verb (used with object), can·on·ized, can·on·iz·ing.
- canons regular,
Origin of canonize
Examples from the Web for canonization
Her canonization was finalized in 1946, with the Vatican declaring her Patroness of Immigrants in 1950.
But De Niro gets as many mulligans as he wants on the path to canonization.
The deification of heroes changed into the canonization of saints.The Writings of Thomas Paine, Volume IV.|Thomas Paine
In the early ages of the Church there was no special form of canonization.Saint Bonaventure|Rev. Fr. Laurence Costelloe, O.F.M.
The canonization is not ratified in heaven, because heaven would not exist if it took place.Happiness in Purgatory|Anonymous
Canonization attained, however, all gets to be plain sailing with him.The Monikins|J. Fenimore Cooper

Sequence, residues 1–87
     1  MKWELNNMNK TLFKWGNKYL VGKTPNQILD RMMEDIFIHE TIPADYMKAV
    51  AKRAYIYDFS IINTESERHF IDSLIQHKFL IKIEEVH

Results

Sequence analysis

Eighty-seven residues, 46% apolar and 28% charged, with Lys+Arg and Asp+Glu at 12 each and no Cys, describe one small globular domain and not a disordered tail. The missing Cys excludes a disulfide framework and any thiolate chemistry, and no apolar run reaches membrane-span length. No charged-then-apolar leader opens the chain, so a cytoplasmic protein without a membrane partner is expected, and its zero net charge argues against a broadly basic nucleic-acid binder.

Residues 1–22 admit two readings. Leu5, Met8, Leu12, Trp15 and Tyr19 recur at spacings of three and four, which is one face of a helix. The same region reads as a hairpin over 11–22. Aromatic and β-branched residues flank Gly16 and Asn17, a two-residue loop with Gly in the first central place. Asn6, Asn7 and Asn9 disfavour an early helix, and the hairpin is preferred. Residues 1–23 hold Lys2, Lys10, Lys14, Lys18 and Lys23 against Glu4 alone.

The veneration of the saint is much increased since his canonization.The Works of John Dryden, Volume XVI. (of 18)|John Dryden
late 14c., from Medieval Latin canonizationem (nominative canonizatio), noun of action from past participle stem of canonizare (see canonize).
late 14c., "to place in the canon or calendar of saints," from Old French cannonisier and directly from Medieval Latin canonizare, from Late Latin canon "church rule" (see canon (n.1)). Related: Canonized; cannonizing.